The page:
For Jerusalem has stumbled and Judah has fallen, because their speech and their deeds are against the Lord, defying his glorious presence. The look on their faces bears witness against them; they proclaim their sin like Sodom, they do not hide it. Woe to them! For they have brought evil on themselves. Tell the innocent how fortunate they are, for they shall eat the fruit of their labors. Woe to the guilty! How unfortunate they are, for what their hands have done shall be done to them. My people—children are their oppressors, and women rule over them. O my people, your leaders mislead you, and confuse the course of your paths. The Lord rises to argue his case; he stands to judge the peoples. The Lord enters into judgment with the elders and princes of his people: It is you who have devoured the vineyard; the spoil of the poor is in your houses. What do you mean by crushing my people, by grinding the face of the poor? says the Lord God of hosts. Isaiah 3:8-15 (NRSV)

Those who seek authority find themselves contending with God. There is good reason that we preach that our hope is found in God and not in people. That statement holds both a promise and a warning.

The promise is that God will always be there for us, no matter who we are our where we’ve been. In some ways, it may actually be argued that the lower we find ourselves, the more God watches over us. Those who avoid taking up authority gain no special blessing, as authority and responsibility usually go hand in hand. Dodging responsibility does not put you in God’s good graces. But those who remember that we all will stand in judgment before God one day, regardless of our status today.

That is the warning as well. We will all answer for the leadership we give as lords and ladies, preachers and teachers, mothers and fathers… Every honor we receive brings us closer to the throne of God which brings its own honor and joy, but God expects us to share his own heart for the least, the last, and the lost, the more of them he brings under our care. Christian maturity certainly brings with it honor and wisdom, but the cold-hearted cannot be mistaken for elders of the faith in God’s Kingdom. For God so loved the world… and woe be upon the man or woman who thinks they know better than the love of God, which did not hold back His only begotten Son. No fire burns hotter than the love of God for his people, and that fire will burn right through us to warm if we stand in the way of it bringing warmth to God’s lost children.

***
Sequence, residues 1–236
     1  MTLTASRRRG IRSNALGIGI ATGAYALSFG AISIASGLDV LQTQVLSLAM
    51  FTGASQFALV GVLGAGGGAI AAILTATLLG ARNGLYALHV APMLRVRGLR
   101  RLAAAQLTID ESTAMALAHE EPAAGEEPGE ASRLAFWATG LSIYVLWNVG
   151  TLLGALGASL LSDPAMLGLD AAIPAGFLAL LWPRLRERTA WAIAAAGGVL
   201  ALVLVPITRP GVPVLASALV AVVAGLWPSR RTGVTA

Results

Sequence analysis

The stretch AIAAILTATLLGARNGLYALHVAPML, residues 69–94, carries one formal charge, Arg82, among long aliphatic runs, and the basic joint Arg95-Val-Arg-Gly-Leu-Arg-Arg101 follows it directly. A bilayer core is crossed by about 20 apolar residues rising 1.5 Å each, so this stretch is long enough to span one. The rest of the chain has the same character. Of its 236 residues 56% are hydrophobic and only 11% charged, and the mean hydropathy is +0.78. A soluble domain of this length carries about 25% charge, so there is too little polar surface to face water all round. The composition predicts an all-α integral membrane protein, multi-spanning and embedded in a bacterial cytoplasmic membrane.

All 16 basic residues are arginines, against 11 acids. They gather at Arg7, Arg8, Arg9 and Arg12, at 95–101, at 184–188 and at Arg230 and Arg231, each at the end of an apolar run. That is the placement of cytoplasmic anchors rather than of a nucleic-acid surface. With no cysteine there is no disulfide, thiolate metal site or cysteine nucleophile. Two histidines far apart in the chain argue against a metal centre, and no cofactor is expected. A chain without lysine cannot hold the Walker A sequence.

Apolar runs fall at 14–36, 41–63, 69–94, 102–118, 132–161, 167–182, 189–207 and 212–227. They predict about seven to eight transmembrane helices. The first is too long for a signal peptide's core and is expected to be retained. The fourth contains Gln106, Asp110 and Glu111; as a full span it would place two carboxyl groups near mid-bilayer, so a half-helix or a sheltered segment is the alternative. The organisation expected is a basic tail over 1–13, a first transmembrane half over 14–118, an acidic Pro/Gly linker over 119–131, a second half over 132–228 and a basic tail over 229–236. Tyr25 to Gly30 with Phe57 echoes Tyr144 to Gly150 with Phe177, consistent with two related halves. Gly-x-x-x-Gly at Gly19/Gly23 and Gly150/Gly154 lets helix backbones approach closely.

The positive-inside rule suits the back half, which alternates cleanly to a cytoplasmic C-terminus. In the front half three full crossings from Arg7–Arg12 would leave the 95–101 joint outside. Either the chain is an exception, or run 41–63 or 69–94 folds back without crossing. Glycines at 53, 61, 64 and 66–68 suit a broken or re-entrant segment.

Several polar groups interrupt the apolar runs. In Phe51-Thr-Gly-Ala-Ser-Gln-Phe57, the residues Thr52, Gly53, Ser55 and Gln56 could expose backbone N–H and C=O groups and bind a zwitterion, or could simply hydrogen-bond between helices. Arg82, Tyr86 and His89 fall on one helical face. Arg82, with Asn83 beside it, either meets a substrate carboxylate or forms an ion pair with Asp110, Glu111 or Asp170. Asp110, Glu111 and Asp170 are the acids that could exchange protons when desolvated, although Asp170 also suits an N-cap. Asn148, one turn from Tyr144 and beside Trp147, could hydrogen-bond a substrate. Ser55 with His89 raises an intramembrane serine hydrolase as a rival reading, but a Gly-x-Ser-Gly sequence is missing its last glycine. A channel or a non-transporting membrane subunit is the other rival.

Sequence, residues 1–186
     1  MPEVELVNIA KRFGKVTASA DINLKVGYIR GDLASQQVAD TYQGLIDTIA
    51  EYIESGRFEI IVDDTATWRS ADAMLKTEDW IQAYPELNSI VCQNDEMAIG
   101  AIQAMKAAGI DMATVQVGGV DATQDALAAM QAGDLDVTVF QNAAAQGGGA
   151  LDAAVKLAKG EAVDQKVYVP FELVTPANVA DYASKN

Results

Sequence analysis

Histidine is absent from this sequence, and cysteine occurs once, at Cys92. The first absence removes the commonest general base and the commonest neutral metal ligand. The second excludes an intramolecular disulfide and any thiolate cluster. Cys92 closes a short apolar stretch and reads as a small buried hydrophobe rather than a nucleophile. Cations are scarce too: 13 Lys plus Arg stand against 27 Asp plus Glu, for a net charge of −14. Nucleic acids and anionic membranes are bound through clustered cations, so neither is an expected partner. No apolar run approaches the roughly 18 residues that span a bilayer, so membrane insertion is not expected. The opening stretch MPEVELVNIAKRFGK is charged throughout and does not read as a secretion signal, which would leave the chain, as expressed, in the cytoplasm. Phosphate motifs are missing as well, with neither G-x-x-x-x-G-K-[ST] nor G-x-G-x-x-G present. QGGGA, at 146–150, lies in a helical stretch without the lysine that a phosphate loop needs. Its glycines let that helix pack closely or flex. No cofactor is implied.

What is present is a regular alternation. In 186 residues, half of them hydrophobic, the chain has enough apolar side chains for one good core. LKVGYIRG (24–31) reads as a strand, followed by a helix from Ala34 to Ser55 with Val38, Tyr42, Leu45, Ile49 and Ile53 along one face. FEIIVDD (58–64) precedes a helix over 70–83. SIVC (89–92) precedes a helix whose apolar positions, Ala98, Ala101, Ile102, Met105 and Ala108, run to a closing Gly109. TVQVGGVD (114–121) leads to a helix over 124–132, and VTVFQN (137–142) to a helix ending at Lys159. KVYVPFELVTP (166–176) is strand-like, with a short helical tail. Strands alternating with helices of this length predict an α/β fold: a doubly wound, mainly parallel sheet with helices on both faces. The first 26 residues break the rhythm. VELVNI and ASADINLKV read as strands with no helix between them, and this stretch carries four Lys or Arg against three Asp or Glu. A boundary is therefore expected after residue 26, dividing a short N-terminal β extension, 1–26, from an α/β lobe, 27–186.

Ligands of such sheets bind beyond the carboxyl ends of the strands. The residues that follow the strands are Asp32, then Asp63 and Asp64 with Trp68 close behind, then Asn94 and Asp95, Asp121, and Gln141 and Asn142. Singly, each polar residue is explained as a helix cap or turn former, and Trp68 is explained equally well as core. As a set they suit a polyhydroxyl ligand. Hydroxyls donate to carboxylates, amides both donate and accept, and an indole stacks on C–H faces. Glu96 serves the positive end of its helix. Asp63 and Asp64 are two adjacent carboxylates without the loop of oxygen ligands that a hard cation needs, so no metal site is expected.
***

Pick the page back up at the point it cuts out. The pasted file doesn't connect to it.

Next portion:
• Whom has God put into your care?
  • How well do you reflect God in your leadership over them?
  • What do you need change today to allow God to lead through you more?

I wanna set the world on fire

Until it’s burning bright for you

It’s everything that I desire

Can I be the one you use?

I wanna feed the hungry children.

And reach across the farthest land

And tell the broken there is healing

And mercy in the Father’s hands.

Friday December 2, 2016

Your Godless Utopia


What is a god?

Bright-eyed sprouts,

their clumsy dissertations

in primitive dialects

striking profoundly;

Tell’s arrows

plunged deep into

the heart not there

moments before.

Such fragile fingers

whose snowflake touch

emasculates all darkness

fear and loneliness –

Who can stand against

their innocence?


Only the dead

remain unscathed;


No light to burst

a dry husk;


ghastly grips

and warm steel

still smash sprouts –



Sprouts will see

roots will grow

blooming fire

sharp hard hate

traded innocence

for killing cold

to see you burn.


This is your Godless Utopia